"I DON'T KNOW HOW A FISH THAT SMALL EATS SO MANY SHRIMP.”
A short video about lionfish left a lasting impression at an international film festival recently and gave a St. Petersburg teen a brief closeup in the eco-doc spotlight with “Racing Extinction” director Louie Psihoyos.
Preston Buchanan, a 2015 graduate of the Canterbury School of Florida, won best student film at the Blue Ocean Film Festival and Conservation Summit in Monaco for “The Lionfish Plague of the Atlantic, Caribbean, and Gulf.”
“Blue Ocean’s mission is to promote awareness and to spread knowledge of the oceans,” Buchanan said. “I hope with the video I made I was able to impact other people’s awareness of the invasion of lionfish in the Western Hemisphere.”
And after face-to-face experiences, Buchanan said, “I don’t think it will be possible to ever get rid of them.”
Marine scientists and wildlife officials agree. Florida's Fish and Wildlife Conservation Commission started a Lionfish Control Team in 2013 to help the state contend with an invasion that imperils coral marine life across the Gulf of Mexico, Caribbean, and Atlantic.
“They’re much more widespread than I previously thought,” Buchanan said from Emory University, where he is a freshman in pre-med. “They’re here forever now. They breed so rapidly and eat so much that it’s likely they’re here forever.”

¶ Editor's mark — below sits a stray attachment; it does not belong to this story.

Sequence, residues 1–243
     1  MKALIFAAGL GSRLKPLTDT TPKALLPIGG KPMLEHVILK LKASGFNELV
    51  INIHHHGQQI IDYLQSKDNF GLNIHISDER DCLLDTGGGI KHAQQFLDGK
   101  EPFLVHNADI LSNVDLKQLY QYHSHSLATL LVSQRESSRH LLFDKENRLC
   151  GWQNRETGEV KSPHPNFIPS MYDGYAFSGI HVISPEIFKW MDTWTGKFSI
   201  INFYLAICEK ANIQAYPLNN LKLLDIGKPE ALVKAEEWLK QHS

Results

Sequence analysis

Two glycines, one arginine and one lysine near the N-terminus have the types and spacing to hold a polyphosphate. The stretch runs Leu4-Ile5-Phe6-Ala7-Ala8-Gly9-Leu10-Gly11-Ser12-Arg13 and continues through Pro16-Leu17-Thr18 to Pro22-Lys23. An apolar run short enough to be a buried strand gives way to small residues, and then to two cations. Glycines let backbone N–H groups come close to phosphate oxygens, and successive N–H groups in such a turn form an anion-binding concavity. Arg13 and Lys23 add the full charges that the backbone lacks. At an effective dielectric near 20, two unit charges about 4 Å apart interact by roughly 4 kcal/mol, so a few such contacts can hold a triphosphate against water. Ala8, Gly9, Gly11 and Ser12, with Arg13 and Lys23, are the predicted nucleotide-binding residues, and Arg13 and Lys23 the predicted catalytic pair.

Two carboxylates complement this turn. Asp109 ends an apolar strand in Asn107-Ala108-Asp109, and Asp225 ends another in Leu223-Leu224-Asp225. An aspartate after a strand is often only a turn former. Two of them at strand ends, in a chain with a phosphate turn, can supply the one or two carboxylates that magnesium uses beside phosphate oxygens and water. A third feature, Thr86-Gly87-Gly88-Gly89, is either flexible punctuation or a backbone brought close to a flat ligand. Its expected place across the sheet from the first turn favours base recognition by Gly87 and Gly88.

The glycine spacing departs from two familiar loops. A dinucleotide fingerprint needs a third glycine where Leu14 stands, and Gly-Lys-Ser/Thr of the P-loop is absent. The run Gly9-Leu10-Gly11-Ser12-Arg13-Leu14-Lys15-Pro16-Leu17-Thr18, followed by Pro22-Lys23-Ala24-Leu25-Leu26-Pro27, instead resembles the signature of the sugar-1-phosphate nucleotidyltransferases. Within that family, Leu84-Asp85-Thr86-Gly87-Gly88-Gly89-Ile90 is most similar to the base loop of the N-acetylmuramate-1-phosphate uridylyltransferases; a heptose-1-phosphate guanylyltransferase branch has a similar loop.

Buchanan and Canterbury’s Venturing Crew 210 combined to record roughly three hours of video to shape "Lionfish Plague" into" a six-minute burst of information.” The action takes place in mostly 80-foot deep waters off Roatan, a Honduran island and a popular dive destination.
Roatan is guarded by the largest barrier reef in the Caribbean. The crew hunted and studied lionfish with marine stewards during an eight-day stay, Buchanan said. Dissections were involved to reveal what the lionfish were eating.
“Another thing that surprised me is they’re so small,” said Buchanan, a St. Pete resident since age 6. “And they eat so much fish. I don’t know how a fish that small eats so many guppies and shrimp.”
The Blue Ocean winners were honored Nov. 9 at an awards gala that included Prince Albert II of Monaco. “Racing Extinction,” the new eco-heartbreaker from Psihoyos, won best of festival.
“It is so encouraging that students like Preston are submitting these good films,” said Debbie Kinder, founder of the Blue Ocean Film Festival, which returns to St. Petersburg next year.
Kinder said in an email that "Lionfish Plague" is "an example of the democratization" of the worldwide ocean stewardship movement.
“Racing Extinction” made a global splash Wednesday on Discovery Channel. Similar to his Oscar-winning thriller “The Cove,” Psihoyos uses undercover work to expose grim human threats against endangered species.
Buchanan said he didn’t get a chance to talk to Psihoyos. But they shared a stage. “They had the VIPs kind of tucked away,” Buchanan said.
Hasta la vista